Music, the Painter of Pictures in Moods

By Camille W. Zeckwer

Music defies definition as thoroughly and it elusively as an elfin spirit. Man’s fancy, searching in the realms of metaphor, calls it “the speech of Angels”; a pretty thought, but we are just as near actual definition as before. Figure of speech is not a definition, and Angels are creatures of the supernatural!

The pictorial and plastic arts assail our mind and soul through the eyes; literature speaks to the heart through the medium of pure intellect; music knocks at “the portals of the ear,” and thence permeates our whole being. It comes from the emotions and appeals to the emotions. Maybe then call it “sublimated emotion?” If we cannot define, we can rhapsodize indefinitely. At least, in the word “emotion” we have caught the essence of our theme. If music ceases to appeal to the emotions, it has lost its power. Either we are out of tune our cells, or it is not music we are listening to; only sound.

Music and Tone Painting

Behold! Even the didactic Emerson, descendent of Puritanism, has recognized that “Nature is loved by what is best in us.” Certain it is that, in the disillusionment of our maturity, when we could detach ourselves from the harsh routine of daily life and sore for a brief space into the empyrean; when we can indulge our soul and the cultivation of the beautiful that is craved by “the best in us,” we turn to a careful study of all that nature stirs in our path to enrich and deepen our artistic sense. Above all, the true position, born to the purple, knows instinctively that for him untold riches lie in the contemplation of nature. He revels in close communion with the changing spirits of the seasons, and the secrets whispered by the manifold voices of the woods. The sighing winds, the thunder’s majestic role, the ocean surge, the cries of peace, the songs of birds are replete with vivid suggestion of a rich variety of harmonic effects. And nature finds herself idealized in music. Indeed, music lends an amazing exultation to all that expresses. It makes of the rhythm of our bodies and fire arc, it makes profound the solemnity of divine worship, it dulls the horrors of war and quickens the impulse to heroic deeds. At the very dawn of authentic literary history, we hear of Tyrtaeus with his lays inspiring the Spartan soldiery to victory.

To all of us occurs many a page of history teaming with the influence of music. And the Marseillaise we forget the shambles of the French Revolution and remember only its noble spirit: “liberty, fraternity. Egalite.” On the reverse of the picture, we recalled that the simple Swiss melody, Ranz des Vaches, merely a call to the cows, and do such melancholy among the Swiss volunteers of Napoleon’s army that the great Emperor was forced to put his ban upon it: the theme of Kunzle’s recent Opera. For the same reason, Chas. Carol Sawyer song, When This Cruel War Use Over, was forbidden in the Army of the Potomac; and even The Old Folks at Home fell under interdict. War needs strychnine music, no bromides!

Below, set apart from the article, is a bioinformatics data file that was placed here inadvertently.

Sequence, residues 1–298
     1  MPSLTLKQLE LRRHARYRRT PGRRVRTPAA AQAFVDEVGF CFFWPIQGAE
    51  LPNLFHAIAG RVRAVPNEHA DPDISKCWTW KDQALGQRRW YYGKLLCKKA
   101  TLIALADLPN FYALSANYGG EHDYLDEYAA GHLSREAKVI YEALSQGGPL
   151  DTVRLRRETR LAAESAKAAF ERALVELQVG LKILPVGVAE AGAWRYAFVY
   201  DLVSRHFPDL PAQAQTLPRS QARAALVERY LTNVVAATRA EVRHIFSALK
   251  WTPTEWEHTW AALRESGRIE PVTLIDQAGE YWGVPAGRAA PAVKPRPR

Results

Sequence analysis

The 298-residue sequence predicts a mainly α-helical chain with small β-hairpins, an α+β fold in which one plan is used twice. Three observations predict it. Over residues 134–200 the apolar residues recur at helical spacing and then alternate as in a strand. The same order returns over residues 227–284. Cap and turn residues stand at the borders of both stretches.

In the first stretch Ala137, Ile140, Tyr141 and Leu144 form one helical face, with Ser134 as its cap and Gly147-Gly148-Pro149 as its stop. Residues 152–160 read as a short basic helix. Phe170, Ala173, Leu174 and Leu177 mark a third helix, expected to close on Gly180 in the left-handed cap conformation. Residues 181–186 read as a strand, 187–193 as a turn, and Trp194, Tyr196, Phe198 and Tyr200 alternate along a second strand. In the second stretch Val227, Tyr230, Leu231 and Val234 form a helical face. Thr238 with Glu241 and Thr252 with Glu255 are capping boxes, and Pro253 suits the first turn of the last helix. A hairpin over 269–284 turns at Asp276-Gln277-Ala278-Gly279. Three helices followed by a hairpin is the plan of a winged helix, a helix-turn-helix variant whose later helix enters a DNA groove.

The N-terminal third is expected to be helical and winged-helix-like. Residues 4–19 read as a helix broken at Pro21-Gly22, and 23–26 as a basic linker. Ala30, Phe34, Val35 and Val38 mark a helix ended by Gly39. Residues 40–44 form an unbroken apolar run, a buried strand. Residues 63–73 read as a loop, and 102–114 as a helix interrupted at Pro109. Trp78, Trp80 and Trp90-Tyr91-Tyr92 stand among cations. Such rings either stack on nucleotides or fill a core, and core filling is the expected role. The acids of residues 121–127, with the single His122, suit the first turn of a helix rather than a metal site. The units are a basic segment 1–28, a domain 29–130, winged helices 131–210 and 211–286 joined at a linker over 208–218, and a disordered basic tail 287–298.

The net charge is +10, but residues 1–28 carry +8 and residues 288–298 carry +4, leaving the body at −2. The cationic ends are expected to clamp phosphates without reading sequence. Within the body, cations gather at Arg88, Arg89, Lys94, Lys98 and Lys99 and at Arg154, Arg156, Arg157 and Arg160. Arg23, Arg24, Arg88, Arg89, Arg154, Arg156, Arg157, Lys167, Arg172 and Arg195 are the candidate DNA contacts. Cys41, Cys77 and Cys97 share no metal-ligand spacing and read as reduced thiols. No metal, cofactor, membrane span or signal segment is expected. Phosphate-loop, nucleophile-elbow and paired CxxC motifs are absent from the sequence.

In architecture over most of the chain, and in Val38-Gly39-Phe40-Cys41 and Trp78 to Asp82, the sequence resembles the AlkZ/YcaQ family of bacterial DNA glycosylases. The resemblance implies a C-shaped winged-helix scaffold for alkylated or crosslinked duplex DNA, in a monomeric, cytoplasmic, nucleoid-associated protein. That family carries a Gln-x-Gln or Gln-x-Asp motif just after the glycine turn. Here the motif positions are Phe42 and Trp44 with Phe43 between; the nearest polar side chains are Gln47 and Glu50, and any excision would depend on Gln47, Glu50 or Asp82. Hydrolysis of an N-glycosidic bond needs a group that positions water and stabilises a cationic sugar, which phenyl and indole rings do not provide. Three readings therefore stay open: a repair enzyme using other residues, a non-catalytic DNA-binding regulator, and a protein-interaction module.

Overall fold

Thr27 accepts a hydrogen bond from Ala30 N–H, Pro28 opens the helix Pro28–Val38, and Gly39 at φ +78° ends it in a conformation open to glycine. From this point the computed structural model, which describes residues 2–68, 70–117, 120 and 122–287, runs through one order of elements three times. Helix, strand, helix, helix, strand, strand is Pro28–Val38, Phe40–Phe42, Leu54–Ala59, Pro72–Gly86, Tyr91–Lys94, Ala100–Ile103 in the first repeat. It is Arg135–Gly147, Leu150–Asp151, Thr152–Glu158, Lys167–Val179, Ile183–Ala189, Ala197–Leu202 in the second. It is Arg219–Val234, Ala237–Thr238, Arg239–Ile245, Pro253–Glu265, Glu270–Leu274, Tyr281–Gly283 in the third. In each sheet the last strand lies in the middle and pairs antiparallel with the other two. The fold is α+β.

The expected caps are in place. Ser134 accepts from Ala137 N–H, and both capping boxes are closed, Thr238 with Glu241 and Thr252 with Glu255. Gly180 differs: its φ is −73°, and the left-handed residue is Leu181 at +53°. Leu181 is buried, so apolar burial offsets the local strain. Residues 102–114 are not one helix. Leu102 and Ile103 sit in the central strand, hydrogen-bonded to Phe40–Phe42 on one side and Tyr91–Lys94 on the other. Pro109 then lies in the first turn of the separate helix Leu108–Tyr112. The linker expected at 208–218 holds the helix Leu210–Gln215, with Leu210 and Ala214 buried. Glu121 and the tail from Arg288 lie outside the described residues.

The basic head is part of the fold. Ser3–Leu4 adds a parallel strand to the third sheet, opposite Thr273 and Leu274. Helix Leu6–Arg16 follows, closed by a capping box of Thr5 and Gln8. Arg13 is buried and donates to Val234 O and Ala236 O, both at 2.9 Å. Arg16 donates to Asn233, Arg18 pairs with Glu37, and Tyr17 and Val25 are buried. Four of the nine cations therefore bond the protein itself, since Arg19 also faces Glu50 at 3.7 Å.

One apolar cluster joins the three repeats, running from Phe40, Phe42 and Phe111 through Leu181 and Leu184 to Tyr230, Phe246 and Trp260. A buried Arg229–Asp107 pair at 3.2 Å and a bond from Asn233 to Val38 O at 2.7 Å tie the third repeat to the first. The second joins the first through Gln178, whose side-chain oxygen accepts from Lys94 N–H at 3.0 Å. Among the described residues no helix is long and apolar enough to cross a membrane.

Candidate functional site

The Magician Among Artists

Could I possibly be accused of prejudiced if I call the musician a magician among artist? The sculptor with his clay, the painter with his pigments are tangible figures before us. We can see the work. But the musician takes the impalpable sound and with the mysterious incantation of musical notation makes of it and etherial artwork! He wakes is one, and the mute air, already harnessed by man’s cunning to the creation of harmonious sound, does his bidding, and low! A miracle is before us! No suggestion to help, especially from nature’s fertile field, to rouse his creative imagination. It is as mysterious as the secret of life itself! The musician is the reincarnation of the fabled Pygmalion; sound is a clay out of which he molds is Galatea, and caresses her to warm and palpitating life.

As the “apotheosis of the dance,” the Seventh Symphony of Beethoven occupies a unique niche in musical annals, but how much warmer and more human is it to us, when we trace in its romantic measures Beethoven’s affection for Amelia Seebald? We thrill not only at the music itself, but at the vivid picture of an episode from the inner life of that gigantic soul.

Schubert is a musical gardener, bewildered by the luxuriant growth sprouting around him, gleaming with lavish hand glowing, glittering nosegay’s.

What the Trapper Thought

No soul that is instinct with life and humanity is too humble to interpret the essential mood and meaning of a musical composition. A Wisconsin trapper once heard Chopin’s Revolutionary Etude and was asked what it meant. Springing up in great excitement, he cried: “What does it mean? It means cyclone in the big Woods! Indian onslaught! White men are killed, but diehard!” What matter that it was actually inspired by the sack of Warsaw? He had undeniably caught the spirit of raging conflict and desperate struggle and despair the sounds and every phrase. How different the story of the rustic Spencer, whose first and only hearing of the Boston Symphony Orchestra drew forth the comment: “oh, very nice! But I never did care for the fiddles!”

Music cannot penetrate an arid soul.